There’s a touch of the school dinners about it as there’s vast portions of custard and crumble available everyday, but beyond that, it’s actually pretty good. You can have freshly cooked omelettes with your choice of filling, use the salad bar or soup or have one of five hot options which range from Cornish pastie and chips to fish or noodles.

Aside from the food, my favourite bit is that you can sit in the dining room overlooking the Houses of Parliament, Big Ben and the Thames in possibly the finest view in London and watch a vast mix of people eating. Few things sum up London’s multiculturalism better to me than watching people of all races eat jollof rice with baked beans on the side and apple crumble for afters or a halal British roast dinner without batting an eyelid about it. Food here makes everyone the same and the atmosphere in both the dining room and the hospital is calmer than at a hospital like Guy’s where everyone has to go to McDonalds for lunch.

I understand the NHS has had to try and make money from commercial outlets coming to them and there’s many time I’ve been grateful for a branch of AMT or an M&S cafe to grab a coffee or tea when the canteen is shut, compared to the vending machines at the Maudsley. Yet I do worry that by turning food into a business transaction in a hospital or solely a nutritional aim like with the Eatwell plate the NHS promotes, it misses a crucial point of how food nourishes us. We need to combine it with being sociable and comforting and filling for it to have the best effect.

Choice within a structure here actually makes that easier to achieve so that people can seek out what they need at that time. Hospitals can take away independence so the highlight of the day is choosing your own lunch, but there’s something comforting to me about the NHS offering you options within reason like your parents did when you were a kid. Yes, sometimes you could stuff yourself on cake but other times, you had to choose which vegetable you were going to have.

The old fashioned centralised catering idea I’ve been eating at recently provides this caring choice perfectly and made me feel like someone was looking after me. I might have felt less so if I’d been eating poor quality slop dumped on a plate and wheeled round miles of wards before it got to me so it was cold and congealed like much hospital food still is. King’s steams all the food on the wards so it’s hot and fresh and they clearly use identifiable ingredients rather leaving you wondering if you’re eating horse in everything.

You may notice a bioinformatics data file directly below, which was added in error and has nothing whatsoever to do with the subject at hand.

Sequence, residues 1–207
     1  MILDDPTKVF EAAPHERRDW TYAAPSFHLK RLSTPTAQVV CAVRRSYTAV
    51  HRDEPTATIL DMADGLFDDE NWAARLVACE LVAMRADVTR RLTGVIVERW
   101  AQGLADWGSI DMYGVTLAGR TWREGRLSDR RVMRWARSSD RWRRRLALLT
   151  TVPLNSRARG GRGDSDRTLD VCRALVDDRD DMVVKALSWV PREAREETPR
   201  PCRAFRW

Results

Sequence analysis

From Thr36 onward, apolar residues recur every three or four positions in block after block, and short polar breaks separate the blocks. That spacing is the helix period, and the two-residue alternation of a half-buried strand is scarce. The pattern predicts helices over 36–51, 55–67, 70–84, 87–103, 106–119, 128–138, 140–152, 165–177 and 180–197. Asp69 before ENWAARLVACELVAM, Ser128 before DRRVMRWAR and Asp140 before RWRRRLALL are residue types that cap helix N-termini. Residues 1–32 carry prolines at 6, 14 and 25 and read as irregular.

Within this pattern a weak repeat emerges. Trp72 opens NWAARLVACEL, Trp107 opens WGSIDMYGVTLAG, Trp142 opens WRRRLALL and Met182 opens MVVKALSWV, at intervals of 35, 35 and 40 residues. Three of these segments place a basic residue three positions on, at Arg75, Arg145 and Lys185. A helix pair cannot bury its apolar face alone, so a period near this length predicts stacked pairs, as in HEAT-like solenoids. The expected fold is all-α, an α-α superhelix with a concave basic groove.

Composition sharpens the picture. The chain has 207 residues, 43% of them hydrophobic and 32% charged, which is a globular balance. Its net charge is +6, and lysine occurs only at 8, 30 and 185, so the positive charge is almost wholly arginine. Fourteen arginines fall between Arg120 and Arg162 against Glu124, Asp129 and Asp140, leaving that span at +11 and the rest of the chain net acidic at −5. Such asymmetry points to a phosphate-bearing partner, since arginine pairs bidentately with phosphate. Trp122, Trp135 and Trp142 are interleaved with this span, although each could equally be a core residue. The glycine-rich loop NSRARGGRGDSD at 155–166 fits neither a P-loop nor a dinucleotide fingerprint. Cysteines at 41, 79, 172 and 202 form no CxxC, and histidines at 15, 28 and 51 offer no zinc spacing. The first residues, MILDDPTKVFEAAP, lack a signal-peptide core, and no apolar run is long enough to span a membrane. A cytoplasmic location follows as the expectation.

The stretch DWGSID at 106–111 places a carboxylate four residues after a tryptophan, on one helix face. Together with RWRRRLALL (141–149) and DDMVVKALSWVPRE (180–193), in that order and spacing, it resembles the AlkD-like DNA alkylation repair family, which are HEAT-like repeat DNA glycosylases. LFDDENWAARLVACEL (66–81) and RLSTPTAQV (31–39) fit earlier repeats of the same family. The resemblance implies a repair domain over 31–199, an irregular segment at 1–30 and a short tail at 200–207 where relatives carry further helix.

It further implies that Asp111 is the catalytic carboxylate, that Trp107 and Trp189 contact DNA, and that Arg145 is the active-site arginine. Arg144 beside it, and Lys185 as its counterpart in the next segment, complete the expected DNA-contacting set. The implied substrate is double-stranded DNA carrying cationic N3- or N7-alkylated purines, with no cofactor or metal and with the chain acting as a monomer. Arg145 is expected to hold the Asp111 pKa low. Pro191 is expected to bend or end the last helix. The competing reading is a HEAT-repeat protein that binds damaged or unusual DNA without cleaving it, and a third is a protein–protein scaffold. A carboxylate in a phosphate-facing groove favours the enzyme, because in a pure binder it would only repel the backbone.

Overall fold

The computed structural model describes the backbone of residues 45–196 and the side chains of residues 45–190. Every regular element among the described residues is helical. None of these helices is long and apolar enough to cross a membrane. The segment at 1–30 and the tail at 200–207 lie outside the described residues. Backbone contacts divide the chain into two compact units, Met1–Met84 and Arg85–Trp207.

I think this style of cooking and eating is healthier in all senses of the word. All but one woman on my ward was very happy to eat the food provided, and frankly I’ve never met anyone so hard to please in my entire life. The nursing and catering staff attempted to answer every question and encourage you to eat, making tea and coffee to exact specifications, offering you several types of jam with your toast and providing biscuits from a local bakery for afternoon tea. They then ate the same things as we did.

I hope this experience wasn’t an outlying one and that more hospitals are starting to see the value rather just the costs of food for both staff and patients rather than simply renting their lobby out to Maccy D’s and Starbucks. I know the staff struggle to find more than lattes and biscuits on nightshifts and welcome the communal spaces with microwaves that St Thomas’s  offers everyone for their use.

Ironically now I’m home, I’m probably not going to be eating quite as well as I’m mainly existing on toast and microwaveable rice as I don’t have much appetite and have to be low fat and bland for a week or so. I think the slow cooker will be pressed into action tomorrow when I feel a bit more like getting out bed. My friends have been terrific, but sadly none of them has an extensive menu of tinned fruit about their person like the NHS offered me thinking it’s still 1972….

slow cookers

Slow Cooker Matchmaking

slow cookers

So you’ve decided to buy a slow cooker? Welcome to the least time consuming cult in the world. We find time to put our feet up (at least metaphorically) and get on with all the other stuff we love in life and then sit down to a proper meal at the end of it. I particularly love the low washing up levels that accompany it.

But what do you do if you’re still standing on the side of the fence with the stove and saucepans, looking forlornly at a dish needing steeped and don’t know which toe to dip in first to join Club Slow Cooker? I’ve got some advice for you here so you’re ready to start using the recipes in Slow Cooked.

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book cover

Creating Slow Cooked

book cover